Monday 16 November 2009

Liking and the power of persuasion

People prefer to say yes to individuals they know and like. This simple rule helps to understand how Liking can create influence and how compliance professionals may emphasize certain factors and/or attributes to increase their overall attractiveness and subsequent effectiveness. Compliance practitioners may regularly use several factors.

Physical attractiveness is one feature of a person that often may help to create influence. Although it has long been suspected that physical beauty provides an advantage in social interaction, research indicates that this advantage may be greater than once supposed.

Physical attractiveness seems to engender a "halo" effect that extends to favourable impressions of other traits such as talent, kindness, and intelligence. As a result, attractive people are more persuasive both in terms of getting what they request and in changing others' attitudes

Similarity is a second factor that influences both Liking and compliance. That is, we like people who are like us and are more willing to say yes to their requests, often without much critical consideration.

Praise is another factor that produces Liking, although this can sometimes backfire when it is too transparent. But generally compliments most often enhance liking and can be used as a means to gain compliance.

Increased familiarity through repeated contact with a person or thing is yet another factor that facilitates Liking. But this holds true principally when that contact takes place under positive rather than negative circumstances. One positive circumstance that may works well is mutual and successful cooperation.

A final factor linked to Liking is often association. By associating with products or positive things, those who seek influence frequently share in a halo effect by association. Other individuals as well appear to recognise the positive effect of simply associating themselves with favourable events and distancing themselves from unfavourable ones.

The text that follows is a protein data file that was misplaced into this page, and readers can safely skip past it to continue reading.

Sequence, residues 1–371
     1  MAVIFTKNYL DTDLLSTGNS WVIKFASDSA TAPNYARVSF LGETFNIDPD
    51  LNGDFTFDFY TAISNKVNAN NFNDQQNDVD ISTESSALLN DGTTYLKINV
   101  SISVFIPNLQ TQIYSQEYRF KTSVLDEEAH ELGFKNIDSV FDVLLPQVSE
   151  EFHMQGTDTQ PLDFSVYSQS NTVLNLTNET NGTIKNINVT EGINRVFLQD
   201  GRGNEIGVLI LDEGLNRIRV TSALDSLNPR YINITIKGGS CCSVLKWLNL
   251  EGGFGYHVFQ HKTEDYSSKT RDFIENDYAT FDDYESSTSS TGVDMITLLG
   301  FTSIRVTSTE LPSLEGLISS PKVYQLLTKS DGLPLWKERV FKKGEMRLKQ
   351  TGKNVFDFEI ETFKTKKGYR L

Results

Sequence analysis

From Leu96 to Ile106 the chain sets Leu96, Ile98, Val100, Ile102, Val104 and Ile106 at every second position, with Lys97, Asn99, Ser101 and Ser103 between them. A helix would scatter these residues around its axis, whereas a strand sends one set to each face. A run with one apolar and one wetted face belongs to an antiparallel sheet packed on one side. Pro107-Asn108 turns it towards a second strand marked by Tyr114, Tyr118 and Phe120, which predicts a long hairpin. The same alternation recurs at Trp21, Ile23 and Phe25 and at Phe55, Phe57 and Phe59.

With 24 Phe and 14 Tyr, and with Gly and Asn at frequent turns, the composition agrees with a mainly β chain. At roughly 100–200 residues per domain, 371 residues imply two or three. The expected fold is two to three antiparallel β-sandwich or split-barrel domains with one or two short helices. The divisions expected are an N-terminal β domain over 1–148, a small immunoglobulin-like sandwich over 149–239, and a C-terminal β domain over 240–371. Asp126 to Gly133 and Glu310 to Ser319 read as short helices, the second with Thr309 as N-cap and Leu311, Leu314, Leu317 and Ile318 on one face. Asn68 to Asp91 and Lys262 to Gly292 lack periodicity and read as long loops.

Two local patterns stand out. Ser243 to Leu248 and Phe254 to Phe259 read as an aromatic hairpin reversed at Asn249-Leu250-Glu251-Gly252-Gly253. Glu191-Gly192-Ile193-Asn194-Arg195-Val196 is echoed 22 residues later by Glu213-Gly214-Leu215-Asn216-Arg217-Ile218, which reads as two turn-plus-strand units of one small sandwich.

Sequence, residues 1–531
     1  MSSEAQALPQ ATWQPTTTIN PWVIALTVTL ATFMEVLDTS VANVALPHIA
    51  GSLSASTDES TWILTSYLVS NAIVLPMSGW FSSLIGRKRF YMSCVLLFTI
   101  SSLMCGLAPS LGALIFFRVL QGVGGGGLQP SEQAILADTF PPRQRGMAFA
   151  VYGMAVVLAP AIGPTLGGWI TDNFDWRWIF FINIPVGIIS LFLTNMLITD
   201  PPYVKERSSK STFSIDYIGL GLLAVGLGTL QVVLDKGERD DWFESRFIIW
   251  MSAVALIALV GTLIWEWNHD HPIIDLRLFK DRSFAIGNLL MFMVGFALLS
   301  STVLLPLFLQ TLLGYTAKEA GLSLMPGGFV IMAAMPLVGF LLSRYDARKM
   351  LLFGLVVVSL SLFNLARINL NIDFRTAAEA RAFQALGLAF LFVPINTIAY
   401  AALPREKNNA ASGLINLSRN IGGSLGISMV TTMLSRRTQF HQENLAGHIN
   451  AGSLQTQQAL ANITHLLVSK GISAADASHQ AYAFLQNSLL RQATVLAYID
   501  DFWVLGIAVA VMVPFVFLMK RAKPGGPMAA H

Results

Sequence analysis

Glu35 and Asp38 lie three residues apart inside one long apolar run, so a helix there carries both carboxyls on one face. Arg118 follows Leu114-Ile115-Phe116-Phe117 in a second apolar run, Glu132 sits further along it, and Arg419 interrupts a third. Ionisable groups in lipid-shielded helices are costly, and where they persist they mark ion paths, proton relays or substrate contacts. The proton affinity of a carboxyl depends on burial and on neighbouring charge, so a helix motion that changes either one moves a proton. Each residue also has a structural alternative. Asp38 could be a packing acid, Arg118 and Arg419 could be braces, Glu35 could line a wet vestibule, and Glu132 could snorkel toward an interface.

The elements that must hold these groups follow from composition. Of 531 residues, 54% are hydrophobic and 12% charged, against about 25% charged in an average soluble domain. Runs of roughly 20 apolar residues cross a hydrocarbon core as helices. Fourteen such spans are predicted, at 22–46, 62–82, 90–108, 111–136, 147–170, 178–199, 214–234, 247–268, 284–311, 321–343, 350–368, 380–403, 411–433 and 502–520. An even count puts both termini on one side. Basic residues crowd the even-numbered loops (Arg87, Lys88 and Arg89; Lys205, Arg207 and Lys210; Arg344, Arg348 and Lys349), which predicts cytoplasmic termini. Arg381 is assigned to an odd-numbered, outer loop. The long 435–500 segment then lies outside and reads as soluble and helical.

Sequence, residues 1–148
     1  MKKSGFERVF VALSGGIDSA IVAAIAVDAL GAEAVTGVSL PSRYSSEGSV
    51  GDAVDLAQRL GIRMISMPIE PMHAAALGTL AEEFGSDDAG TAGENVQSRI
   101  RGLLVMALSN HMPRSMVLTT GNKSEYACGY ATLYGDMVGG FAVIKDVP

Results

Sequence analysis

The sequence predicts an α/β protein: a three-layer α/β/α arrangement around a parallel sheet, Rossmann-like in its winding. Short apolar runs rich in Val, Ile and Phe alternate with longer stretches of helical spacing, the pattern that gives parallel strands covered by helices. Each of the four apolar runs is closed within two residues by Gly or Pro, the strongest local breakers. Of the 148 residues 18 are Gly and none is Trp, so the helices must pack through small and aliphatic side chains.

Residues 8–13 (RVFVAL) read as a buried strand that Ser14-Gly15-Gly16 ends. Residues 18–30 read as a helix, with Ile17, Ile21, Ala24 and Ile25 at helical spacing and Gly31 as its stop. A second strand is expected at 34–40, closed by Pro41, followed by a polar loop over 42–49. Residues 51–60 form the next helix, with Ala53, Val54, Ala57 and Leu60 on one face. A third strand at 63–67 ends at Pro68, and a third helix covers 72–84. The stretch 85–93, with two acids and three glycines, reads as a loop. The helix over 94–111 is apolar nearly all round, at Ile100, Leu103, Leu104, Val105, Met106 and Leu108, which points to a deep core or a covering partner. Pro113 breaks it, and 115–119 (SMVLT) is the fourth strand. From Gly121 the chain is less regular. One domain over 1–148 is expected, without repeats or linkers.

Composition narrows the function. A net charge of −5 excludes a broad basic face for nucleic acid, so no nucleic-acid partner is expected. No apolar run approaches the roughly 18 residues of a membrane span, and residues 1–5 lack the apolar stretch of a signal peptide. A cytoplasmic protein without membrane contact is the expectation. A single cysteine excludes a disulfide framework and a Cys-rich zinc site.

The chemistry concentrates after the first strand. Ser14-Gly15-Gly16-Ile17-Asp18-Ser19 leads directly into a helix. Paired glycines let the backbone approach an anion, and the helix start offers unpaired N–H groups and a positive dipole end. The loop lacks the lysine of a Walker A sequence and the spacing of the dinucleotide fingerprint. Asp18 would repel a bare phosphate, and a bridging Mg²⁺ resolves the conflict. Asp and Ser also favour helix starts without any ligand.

A potentially effective response that reduces vulnerability to the undue influence of Liking upon decision-making requires a recognition of how Liking and its attending factors may impact our impression of someone making requests and soliciting important decisions.

That is, recognising how someone making requests may do inordinately well under certain circumstances should cause us to step back from some social interaction and objectively separate the requester from his or her offer or request. We should make decisions, commitments and offer compliance based upon the actual merits of the offer or request.

Applying the rule of liking:

- Use strategies to be liked by your prospects and clients (read 'How to Win Friends and Influence People' by Dale Carnegie for some powerful tips or refer to the excellent summary here on this blog
- Always be positive and genuinely interested in the concerns of prospects.
- Always be fully present when communicating with clients and prospects. Never talk to a prospect on the phone while you're on the internet or reading emails.
- Listen to your client when they tell you about their interests, their family and friends. Get in the habit of remembering names, events, favourite teams or pastimes and use this information to show a genuine interest and desire to get to know your clients. This shows that you care and people naturally like those that care

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